A book on sex education aimed at children aged 10 to 13 years discusses puberty, biology, consent, sexualities, and contraception in an easy-to-read accessible language.
Dr Nathalie Psaila, the author, specialises in family medicine and has taken a keen interest in promoting reproductive health as a women’s rights activists.
It will also be the first sex education book with a Maltese translation.
“While I was researching the book, I came across many parents who said that they couldn’t find good material to educate their kids,” Psaila said.
Together with the Family Planning Advisory Service, the pro choice helpline and advisory service, Psaila realised that there was a lot of misinformation among teenagers and adults that called the service. “This book is aimed at filling in the gaps,” she said.
“The government PSCD syllabus is pretty comprehensive, but there is no standard curriculum across the board like there is, for example, for Maths and English for church and independent schools,” Psaila pointed out.
She said the subject remains a “mixed bag” in church and independent schools – with the former only teaching the bare minimum and the latter not always having a PSCD teacher.
‘My Body’s Fantastic Journey’ notably discusses the morning-after pill and details when it’s appropriate to take the pill and how it works.
Psaila said it was important to reach children before they become sexually active, referring to apprehensions parents might have about the book and its themes.
“The book is for 10-13-year-olds, and it’s to be looked at with a parent or teacher. This isn’t something children should be looking at alone. However, I think it is important to reach children before they become sexually active. To teach them what to look out for and how to protect themselves,” she said.
Psaila added that sex education depended on how liberal or conservative teachers tend to be on the matter.
“This is particularly important in the church and independent schools. Many parents find it difficult to speak to their children about sex education, so having a book would help them discuss it. This also applies to children who go to government schools. The education officers said they see a need for tools to help parents speak to their children.”
Psaila added that so far, the response has been mostly positive. “I have had few teachers show interest in using the book.”
‘PSCD has fallen to the wayside due to the pandemic’
Speaking to MaltaToday separately, PSCD teacher Rachel Zammit said that PSCD (personal, social and career development) has already fallen by the wayside during the pandemic as peripatetic teachers for subjects like PSCD, Drama, Art, and Music have been given a class to teach, or replacement duties instead of delivering lessons as per syllabus.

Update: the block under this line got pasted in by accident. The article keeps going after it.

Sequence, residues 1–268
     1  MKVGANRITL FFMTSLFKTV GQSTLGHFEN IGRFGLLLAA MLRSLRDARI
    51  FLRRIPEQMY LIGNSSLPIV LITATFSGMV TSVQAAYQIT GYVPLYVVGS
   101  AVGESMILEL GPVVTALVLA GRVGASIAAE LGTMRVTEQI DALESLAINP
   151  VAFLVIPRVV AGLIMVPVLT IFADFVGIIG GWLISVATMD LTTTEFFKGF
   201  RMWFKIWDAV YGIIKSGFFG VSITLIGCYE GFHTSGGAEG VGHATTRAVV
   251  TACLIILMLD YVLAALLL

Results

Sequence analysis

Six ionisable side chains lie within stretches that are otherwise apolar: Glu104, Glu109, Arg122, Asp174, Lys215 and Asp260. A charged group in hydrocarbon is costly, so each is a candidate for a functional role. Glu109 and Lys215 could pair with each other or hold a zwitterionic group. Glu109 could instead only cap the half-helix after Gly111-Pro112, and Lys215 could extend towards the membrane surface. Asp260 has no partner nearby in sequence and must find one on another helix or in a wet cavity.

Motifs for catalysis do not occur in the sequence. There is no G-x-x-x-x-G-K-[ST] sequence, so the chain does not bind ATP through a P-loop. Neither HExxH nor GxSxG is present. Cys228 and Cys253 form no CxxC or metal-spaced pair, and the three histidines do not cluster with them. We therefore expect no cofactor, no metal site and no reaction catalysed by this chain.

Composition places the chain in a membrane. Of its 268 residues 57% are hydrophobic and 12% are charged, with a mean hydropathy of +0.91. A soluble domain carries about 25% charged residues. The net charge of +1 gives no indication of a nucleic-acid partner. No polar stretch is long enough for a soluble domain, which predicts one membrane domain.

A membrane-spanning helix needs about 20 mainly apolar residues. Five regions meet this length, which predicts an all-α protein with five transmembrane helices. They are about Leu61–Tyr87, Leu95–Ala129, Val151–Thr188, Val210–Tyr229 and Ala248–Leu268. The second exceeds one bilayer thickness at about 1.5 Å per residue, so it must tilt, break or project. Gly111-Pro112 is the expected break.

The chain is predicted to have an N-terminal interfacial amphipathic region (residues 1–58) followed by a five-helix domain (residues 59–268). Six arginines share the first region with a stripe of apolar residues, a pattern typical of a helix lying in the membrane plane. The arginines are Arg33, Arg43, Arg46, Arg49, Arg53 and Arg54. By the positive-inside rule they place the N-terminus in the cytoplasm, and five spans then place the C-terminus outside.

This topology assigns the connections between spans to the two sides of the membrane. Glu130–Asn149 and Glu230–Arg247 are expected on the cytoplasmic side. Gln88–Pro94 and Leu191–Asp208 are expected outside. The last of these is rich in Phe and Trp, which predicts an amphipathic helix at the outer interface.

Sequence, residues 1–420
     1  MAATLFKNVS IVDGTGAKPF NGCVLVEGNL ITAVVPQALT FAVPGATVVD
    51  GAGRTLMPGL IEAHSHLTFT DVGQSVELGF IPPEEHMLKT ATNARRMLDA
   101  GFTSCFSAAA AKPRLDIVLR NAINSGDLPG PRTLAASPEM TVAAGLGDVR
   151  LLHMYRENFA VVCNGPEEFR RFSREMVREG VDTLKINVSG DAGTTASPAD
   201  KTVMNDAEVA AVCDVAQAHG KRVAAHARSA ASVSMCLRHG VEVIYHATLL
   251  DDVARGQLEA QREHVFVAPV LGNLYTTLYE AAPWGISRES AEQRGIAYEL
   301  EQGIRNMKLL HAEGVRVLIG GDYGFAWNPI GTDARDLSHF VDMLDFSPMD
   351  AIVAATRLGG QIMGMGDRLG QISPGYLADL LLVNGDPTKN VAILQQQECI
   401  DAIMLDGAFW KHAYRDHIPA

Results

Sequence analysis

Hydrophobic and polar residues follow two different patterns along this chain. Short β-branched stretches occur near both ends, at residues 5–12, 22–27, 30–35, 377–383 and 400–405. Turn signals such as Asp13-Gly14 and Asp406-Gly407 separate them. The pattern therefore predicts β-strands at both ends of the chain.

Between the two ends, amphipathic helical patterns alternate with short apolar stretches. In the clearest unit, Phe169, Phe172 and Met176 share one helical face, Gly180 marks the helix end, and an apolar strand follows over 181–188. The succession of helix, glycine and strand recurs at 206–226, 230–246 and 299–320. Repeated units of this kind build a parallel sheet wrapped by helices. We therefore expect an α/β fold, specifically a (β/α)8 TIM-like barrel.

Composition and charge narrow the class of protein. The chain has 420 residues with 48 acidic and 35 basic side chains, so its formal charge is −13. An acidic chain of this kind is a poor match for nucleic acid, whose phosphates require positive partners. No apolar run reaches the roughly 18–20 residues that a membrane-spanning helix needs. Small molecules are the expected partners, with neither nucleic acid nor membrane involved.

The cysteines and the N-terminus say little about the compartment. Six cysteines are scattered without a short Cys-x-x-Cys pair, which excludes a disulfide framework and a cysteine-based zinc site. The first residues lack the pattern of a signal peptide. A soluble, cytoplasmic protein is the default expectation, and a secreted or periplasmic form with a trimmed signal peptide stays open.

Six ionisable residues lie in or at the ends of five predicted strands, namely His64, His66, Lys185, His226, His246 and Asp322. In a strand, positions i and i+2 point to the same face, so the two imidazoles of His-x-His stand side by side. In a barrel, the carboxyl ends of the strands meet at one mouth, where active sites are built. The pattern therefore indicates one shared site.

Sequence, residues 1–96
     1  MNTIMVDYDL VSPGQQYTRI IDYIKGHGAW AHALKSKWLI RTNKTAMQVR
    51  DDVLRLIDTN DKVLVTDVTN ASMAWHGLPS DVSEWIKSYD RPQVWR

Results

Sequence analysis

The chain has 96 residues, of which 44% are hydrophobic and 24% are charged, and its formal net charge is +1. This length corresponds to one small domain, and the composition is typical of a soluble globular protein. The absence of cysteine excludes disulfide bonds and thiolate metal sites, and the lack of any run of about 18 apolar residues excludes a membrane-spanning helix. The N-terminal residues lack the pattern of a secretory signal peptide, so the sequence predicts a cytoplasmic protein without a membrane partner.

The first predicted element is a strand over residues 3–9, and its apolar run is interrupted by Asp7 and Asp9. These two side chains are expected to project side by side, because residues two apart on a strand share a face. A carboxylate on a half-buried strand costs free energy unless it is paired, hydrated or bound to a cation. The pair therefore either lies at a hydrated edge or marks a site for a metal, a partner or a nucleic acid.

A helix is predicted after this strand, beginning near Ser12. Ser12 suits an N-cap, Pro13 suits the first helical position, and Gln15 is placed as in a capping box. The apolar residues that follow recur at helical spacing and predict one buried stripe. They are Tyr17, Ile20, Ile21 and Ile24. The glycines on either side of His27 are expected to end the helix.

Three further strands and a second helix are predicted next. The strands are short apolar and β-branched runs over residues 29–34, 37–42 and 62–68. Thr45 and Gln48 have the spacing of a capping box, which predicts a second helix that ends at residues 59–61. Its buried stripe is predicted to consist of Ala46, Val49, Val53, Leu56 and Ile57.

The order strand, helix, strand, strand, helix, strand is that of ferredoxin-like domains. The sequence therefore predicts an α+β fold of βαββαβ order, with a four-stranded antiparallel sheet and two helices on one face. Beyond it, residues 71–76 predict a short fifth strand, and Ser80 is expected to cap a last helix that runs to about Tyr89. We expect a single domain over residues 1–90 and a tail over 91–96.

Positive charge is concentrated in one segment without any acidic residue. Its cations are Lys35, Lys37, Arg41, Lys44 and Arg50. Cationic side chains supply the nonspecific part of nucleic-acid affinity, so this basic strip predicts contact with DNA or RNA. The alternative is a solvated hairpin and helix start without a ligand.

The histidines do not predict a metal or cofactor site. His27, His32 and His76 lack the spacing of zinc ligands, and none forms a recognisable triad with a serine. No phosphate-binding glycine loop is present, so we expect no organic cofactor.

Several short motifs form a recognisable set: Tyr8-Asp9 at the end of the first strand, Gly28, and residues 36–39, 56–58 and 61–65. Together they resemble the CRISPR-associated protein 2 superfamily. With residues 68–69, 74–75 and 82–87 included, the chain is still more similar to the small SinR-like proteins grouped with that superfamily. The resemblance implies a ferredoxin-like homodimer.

“Moreover, a lot of schools do not have PSCD rooms, and sometimes in primary, lessons are carried out in corridors,” Zammit said.
“PSCD is an important subject that offers a safe space for students to explore and develop various interpersonal and intrapersonal skills. It is a vast subject which prepares young people for their future lives – starting from exploring one’s strengths, values and beliefs, self-esteem, healthy relationships, sexuality and relationships education, money management, career education, and various transferrable skills such as decision making, time management, problem-solving, assertiveness.
“It is also important since it provides holistic education, and we can tackle any immediacy issues that crop up during lessons. We also work closely with the schools’ psychosocial team, such as guidance teachers, career advisors, anti-substance, etc. for the students’ benefit when the need arises. This is only possible due to the intimate setting of the subject and the possibility to discuss certain topics.”
Zammit said that students have two lessons per week and that it is given enough importance in most schools. “In other schools, not so much such as the primary school’s situation, even if it is a departmental decision rather than a school-based one.”
She said the PSCD curriculum updates according to society’s needs: for example, the introduction of a topic on voting when the vote was given to electors aged 16, and on mental health when there was the need for more awareness and the importance of coping skills.
“We are always updating our lesson plans depending on current societal changes, such as including the morning after pill when it became legalised and the decriminalisation of cannabis, and anything that occurs within national and international societies,” Zammit said.
An online version of “My Body’s Fantastic Journey’ can be accessed by going to https://www.doctorsforchoice.mt/book while a physical copy can be obtained by emailing [email protected]